In general, it is the dregs who prattle-on like this POP.

    If POP wants to brag about its own company, then it had better provide the details. Running a fish and chip shop is not like building the harbour bridge.

    While government enterprises may or may not be best in most circumstances – we need much more business with social purpose ahead of profit maximising. But this can be cooperative entities and family non-profit businesses and farms etc.

    When I worked for government I met a lot of private enterprise people and industry leaders. They were mostly slow-witted, uninformed except for being informed on their own narrow commercial tunnel, uninterested in the long-term future, empty of vision, ignorant of history, and with chips on their shoulders the size of boulders.

    When we advertised for mundane jobs – we were inundated with people desperate to get out of the hell holes of working for pathological business bullies, and when they did get through the competition and entered the public service relayed so many tales of mistreatment at their hands of their previous employers that your heart would weep.

  127. @Chris Warren

    vicious little viper aren’t you 🙂

    actually my companies were international telecoms companies (and in australia we were the first company to track and recover a stolen vehicle using GPS, first email to mobile phone and other firsts)

    not big companies but we did work all over the world – sold to many of the worlds largest telcos (no US customers though)

    and i stand by what i have learned – though of course there was variation in pretty much everything including levels of corruption (mostly in post communist countries where corruption is endemic and deeply ingrained into the fabric of society)

    private companies – especially small ones – live or die by their efficiency – and they are much more efficient than government orgs – by orders of magnitude

    of course efficiency can equate to harsh – letting people go because you don’t have the income is never easy

    the dregs here dear boy are those who will, like Stalin, lead the people to bloody class warfare – pretending it’s about fairness when it’s more to do with desperation – when there’s not enough to go around we start to look for those who have more. Hitler targeted the Jews because they had a lot of nice juicy assets that could be stolen. It’s a pattern we humans repeat often.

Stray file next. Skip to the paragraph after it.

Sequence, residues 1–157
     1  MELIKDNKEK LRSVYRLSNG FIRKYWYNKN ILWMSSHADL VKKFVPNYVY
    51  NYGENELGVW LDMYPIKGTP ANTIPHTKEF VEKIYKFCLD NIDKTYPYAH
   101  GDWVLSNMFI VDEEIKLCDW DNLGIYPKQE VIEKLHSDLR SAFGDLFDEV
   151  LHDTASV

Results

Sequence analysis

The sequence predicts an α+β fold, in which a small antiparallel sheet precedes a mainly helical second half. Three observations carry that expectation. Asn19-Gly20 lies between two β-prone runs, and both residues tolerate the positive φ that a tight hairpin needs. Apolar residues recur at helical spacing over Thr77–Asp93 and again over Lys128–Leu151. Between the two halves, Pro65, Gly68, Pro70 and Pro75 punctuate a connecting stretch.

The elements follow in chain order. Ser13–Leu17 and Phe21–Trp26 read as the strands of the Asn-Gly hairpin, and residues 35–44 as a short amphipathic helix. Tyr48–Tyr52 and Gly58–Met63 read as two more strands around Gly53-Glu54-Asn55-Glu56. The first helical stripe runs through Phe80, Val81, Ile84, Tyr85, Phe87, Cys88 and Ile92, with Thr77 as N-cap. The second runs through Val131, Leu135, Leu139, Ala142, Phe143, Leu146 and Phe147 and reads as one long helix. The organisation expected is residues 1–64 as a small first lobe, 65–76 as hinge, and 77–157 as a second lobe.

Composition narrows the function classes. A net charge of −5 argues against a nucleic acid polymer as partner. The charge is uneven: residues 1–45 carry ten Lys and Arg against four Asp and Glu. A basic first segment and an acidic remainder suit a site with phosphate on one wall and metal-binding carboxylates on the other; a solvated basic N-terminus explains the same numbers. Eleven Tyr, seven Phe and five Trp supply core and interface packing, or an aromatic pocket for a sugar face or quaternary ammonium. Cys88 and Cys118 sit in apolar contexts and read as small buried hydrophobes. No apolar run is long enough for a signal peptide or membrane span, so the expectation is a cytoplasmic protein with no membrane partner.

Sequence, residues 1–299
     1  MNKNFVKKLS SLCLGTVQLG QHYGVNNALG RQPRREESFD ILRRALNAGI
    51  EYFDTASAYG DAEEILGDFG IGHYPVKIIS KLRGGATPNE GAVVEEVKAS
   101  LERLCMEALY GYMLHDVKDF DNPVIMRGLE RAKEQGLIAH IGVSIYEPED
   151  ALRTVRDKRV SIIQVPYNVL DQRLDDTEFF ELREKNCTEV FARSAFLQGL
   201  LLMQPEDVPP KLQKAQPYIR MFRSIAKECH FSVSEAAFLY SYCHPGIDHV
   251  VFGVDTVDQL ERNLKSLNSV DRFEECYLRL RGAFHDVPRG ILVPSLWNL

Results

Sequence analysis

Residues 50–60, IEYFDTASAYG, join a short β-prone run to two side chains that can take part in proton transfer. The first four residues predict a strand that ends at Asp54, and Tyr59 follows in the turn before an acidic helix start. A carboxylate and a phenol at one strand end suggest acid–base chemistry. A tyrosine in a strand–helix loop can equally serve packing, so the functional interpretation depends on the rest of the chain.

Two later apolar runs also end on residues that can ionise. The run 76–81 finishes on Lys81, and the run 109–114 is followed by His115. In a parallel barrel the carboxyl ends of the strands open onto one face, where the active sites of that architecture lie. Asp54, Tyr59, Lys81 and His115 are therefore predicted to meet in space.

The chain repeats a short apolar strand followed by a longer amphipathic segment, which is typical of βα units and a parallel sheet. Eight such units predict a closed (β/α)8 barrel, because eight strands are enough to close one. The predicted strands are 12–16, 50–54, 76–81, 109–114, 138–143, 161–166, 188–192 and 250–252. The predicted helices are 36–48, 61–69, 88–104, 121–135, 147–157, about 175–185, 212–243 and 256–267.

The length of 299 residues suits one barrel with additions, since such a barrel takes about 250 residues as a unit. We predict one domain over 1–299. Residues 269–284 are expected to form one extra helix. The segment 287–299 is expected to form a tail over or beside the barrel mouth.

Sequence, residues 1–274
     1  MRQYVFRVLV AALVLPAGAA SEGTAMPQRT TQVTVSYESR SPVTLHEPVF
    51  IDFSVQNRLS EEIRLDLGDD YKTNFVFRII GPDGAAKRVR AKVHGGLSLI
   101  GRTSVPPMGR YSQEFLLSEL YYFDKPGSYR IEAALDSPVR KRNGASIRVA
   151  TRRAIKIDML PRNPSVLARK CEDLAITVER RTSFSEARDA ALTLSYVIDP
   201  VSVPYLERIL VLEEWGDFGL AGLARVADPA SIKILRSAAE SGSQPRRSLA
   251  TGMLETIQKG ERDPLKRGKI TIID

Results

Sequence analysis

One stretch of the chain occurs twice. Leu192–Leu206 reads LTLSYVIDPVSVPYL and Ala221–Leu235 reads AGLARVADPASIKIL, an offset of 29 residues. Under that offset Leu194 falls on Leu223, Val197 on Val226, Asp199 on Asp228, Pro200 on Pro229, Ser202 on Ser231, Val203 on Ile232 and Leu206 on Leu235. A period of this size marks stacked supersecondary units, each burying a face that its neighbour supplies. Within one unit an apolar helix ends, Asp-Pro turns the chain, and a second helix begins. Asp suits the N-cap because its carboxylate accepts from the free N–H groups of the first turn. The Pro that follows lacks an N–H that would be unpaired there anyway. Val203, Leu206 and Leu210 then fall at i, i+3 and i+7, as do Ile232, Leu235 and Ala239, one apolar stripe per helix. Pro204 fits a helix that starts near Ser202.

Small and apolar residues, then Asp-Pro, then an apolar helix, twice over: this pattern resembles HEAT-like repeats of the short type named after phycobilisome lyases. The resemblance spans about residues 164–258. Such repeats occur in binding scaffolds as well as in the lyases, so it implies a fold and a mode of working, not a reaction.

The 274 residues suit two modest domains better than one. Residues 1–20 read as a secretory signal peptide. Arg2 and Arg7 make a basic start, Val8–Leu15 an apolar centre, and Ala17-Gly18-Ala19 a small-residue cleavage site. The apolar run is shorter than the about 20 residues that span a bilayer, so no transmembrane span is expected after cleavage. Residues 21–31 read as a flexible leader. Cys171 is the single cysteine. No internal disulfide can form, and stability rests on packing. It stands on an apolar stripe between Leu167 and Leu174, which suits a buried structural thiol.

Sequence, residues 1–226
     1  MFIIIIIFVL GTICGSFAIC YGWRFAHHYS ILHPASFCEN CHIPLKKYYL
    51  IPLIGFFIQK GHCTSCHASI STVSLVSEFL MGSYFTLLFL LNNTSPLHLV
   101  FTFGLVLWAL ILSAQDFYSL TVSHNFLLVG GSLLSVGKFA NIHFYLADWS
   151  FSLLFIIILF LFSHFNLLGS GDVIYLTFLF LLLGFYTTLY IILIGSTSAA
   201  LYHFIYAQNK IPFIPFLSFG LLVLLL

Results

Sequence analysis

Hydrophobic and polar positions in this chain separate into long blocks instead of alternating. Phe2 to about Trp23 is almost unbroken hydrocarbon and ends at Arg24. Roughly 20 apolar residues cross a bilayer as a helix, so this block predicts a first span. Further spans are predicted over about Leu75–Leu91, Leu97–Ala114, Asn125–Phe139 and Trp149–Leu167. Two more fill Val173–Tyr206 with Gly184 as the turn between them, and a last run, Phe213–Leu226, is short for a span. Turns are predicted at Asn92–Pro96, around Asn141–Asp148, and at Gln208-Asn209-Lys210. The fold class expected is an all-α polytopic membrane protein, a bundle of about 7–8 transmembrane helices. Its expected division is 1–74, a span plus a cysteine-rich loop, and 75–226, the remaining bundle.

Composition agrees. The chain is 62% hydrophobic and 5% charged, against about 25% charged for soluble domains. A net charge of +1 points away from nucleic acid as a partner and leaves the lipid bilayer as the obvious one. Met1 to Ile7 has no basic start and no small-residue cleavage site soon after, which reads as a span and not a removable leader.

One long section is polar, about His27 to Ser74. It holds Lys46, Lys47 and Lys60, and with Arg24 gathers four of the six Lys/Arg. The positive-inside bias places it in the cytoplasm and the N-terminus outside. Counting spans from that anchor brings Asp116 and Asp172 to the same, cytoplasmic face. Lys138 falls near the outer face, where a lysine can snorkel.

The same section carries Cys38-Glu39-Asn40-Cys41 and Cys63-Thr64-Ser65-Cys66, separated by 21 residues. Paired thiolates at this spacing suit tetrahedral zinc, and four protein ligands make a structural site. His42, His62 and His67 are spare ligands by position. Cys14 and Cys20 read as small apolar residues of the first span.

If you want to attack anyone you should attack Government – Corporate incestuousness – and stop confusing the private sector in total with the evil capitalist running dogs you are seething to murder

    because you and many like you would happily drive the masses to murder anyone you point to and label a capitalist

    it is those who are like you that terrify everyone

    because at your core is a terrible hatred of human kind

    bloodthirsty desire to kill (your father image?) and rip flesh and scream your blood curdling yell of “down with the capitalists”

    in small village culture we’d just off you and bury you in a ditch and go back to working the fields – simply because you’d be seen to be much like a rabid dog – to be destroyed and forgotten

    pop

  128. @The Peak Oil Poet

    You are bawling for no good purpose.

    Dry your eyes and get over it.

    If you want to know about corruption try finding decent private enterprise in Africa or South America.

    At best 1/3rd of private enterprise is worth salvaging, depending on debt levels and corporate culture.

    I would imagine the employees “you let go” would have a very different story to tell.

  129. @Chris Warren

    it’s not about bawling (strawman)

    it’s about correctly identifying your murderous violent nature

    which you can not escape by accusing me of anything (other than being equally violent by virtue of my being like you – human)

    whereas i call a spade a spade